1. Crude oil production and consumption is growing
At present, roughly 90 million barrels of crude oil are being produced and consumed around the world each day.
Proved reserves reported by governments (and collated in the BP Statistical Review of World Energy, published every June) have risen consistently over the past few decades.
The key question is how to manage those resources sustainably.
2. The production landscape is shifting
The global energy landscape has changed a lot recently. OPEC countries used to dominate production, but this has changed recently due to advances in the technology of extraction from alternative reserves, such as shale oil or oil sands.
This has meant that significantly more production (about 60%) is now from non-OPEC countries, according to the EIA (US Energy Information Administration). For the first time, the US has become the world’s largest oil producer and the largest combined oil and gas producer.
In terms of companies, state-owned oil producers account for the lion’s share of global output, and examples would be Saudi Aramco, National Iranian Oil Co, Petrochina and various Russian companies. The ‘oil majors’ in the private sector – BP, Exxon, Shell, Total, and others – together account for only about a fifth of global oil production.
3. However, OPEC still has a significant influence on the market
OPEC stands for Organisation of Petroleum Exporting Countries. It is a group of countries (and their state oil companies) that periodically meets to agree on a production strategy, mainly in the form of production quotas for member countries.
The organisation was founded in Iraq in 1961 and its members have traditionally been drawn from the Middle East, Latin America and Africa. There are currently 12 members: Algeria, Angola, Ecuador, Iran, Iraq, Kuwait, Libya, Nigeria, Qatar, Saudi Arabia, the UAE and Venezuela.
According to the EIA, OPEC members were responsible for supplying about 30 million barrels of crude a day in 2014, equivalent to about 40% of global production. Together, these countries hold about 80% of the world’s reserves.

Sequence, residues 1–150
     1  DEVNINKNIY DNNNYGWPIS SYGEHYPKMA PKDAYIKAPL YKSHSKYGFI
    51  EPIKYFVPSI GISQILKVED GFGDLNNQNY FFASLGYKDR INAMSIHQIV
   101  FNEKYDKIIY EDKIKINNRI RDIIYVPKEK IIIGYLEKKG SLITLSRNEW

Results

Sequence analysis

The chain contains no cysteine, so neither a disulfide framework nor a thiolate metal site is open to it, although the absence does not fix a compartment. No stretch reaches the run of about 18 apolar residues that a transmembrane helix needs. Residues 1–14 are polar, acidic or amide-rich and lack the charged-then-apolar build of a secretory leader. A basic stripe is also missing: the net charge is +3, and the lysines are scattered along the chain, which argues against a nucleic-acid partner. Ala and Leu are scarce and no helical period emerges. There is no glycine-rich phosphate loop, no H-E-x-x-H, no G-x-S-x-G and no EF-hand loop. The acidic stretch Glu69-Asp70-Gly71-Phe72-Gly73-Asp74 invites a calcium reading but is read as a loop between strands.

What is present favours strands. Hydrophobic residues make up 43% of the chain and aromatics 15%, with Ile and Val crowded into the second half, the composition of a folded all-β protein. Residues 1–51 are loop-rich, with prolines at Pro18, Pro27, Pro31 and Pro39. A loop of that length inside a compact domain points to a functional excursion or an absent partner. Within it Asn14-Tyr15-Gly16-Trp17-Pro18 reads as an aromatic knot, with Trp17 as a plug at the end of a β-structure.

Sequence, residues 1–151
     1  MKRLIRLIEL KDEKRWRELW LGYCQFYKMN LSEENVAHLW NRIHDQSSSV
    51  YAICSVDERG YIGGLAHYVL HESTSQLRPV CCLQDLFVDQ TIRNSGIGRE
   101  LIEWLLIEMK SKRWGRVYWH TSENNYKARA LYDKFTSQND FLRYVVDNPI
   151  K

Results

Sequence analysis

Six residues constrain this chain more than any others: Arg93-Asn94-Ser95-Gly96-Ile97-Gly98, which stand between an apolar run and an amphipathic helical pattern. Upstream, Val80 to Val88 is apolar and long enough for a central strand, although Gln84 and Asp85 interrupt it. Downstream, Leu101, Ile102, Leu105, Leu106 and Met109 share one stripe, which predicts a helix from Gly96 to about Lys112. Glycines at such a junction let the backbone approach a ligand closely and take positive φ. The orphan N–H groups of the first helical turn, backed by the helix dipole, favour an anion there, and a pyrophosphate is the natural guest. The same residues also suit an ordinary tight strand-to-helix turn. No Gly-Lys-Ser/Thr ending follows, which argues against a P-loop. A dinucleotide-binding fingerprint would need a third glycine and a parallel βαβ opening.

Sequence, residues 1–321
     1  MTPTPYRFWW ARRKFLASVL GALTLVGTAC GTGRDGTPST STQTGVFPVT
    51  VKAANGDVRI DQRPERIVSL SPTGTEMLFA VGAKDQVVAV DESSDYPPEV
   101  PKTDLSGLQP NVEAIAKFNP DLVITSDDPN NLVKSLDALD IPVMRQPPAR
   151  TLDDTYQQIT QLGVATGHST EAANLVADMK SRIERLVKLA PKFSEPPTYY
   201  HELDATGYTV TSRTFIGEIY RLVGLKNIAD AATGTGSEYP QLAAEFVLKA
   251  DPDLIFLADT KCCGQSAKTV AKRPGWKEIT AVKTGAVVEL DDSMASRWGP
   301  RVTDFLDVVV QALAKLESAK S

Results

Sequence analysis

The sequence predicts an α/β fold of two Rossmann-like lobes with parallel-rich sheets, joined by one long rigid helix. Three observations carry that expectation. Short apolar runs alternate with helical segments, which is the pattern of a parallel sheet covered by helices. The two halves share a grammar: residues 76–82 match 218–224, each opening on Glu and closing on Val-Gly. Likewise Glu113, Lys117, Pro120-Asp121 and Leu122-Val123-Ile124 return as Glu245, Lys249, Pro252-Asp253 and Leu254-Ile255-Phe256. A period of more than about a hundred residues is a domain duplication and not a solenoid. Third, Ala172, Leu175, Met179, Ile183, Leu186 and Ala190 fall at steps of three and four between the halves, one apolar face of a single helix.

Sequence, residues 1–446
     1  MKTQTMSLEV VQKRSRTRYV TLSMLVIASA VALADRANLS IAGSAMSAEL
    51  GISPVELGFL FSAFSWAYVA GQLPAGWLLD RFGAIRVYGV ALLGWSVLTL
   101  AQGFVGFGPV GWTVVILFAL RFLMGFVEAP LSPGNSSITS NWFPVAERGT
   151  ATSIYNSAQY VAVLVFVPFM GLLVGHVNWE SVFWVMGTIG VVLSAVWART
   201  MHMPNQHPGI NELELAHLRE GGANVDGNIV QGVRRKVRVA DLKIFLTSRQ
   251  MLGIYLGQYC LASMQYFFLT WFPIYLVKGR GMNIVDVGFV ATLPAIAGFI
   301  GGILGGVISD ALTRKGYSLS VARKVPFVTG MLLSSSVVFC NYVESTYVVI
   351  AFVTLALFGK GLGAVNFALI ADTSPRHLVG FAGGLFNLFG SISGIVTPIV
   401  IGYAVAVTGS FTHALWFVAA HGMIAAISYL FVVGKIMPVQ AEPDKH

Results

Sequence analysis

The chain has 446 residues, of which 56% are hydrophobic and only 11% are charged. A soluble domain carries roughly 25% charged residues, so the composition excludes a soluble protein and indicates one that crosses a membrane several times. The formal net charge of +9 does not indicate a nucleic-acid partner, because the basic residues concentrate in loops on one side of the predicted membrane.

4. Oil production is a multi-stage process
There are two distinct stages to the oil supply-chain: the ‘upstream’ phase and the ‘downstream’ phase.
Upstream involves searching for, finding and physically extracting oil from the ground. The first step involves exploring for possible deposits, which is done using technologies such as seismic imaging. If a discovery is made, further wells are drilled nearby to appraise the scale and value of the deposit and to help work out how to develop the field. This may be onshore or offshore.
The oil is then initially squeezed out by natural underground pressure. As that pressure diminishes, other mechanisms are used for getting the oil out, such as a gas and water injection to maintain reservoir pressure.
From here, the oil will end up going into a refinery, which is where the downstream phase of the process begins. Here, crude is refined and processed into useful products and then either sold to a vendor or, as BP has a retail business, directly to consumers.
5. There are many different types of oil products
‘Oil’ is really a generic term that refers to a variety of different hydrocarbon products. Crude oil is oil in its most natural form as extracted from the ground. It comprises a mix of heavy and light hydrocarbons, which get separated in a refinery by being heated up, through the process of fractional distillation.
The resulting hydrocarbons are called ‘straight run products’ and most of them aren’t all that useful in themselves. These products go through a lot of complex processing to create finished products that we use day to day, such as gasoline, diesel and fuel oil.
Other products are used as feedstocks in the petrochemicals industries; they are turned into the plastics that we all use every day – from parts for our cars and our computers, furnishings at home, to food packaging and textiles.
6. Transportation is important in more ways than one
In Europe and Asia, physical crude oil is predominantly moved around by oil tankers of roughly 500,000 barrels to over 1 million barrels (about 130,000 tonnes), while refined products are moved in much smaller vessels (maybe 30-40,000 tonnes).
In the US, much of the physical transport is via pipeline. Other countries, such as China, that source their supply from different continents are more reliant on ships.
Tankers also play an important role in providing arbitrage opportunities – this is where an asset is bought at a low price on one market and then immediately sold on another market for a higher price.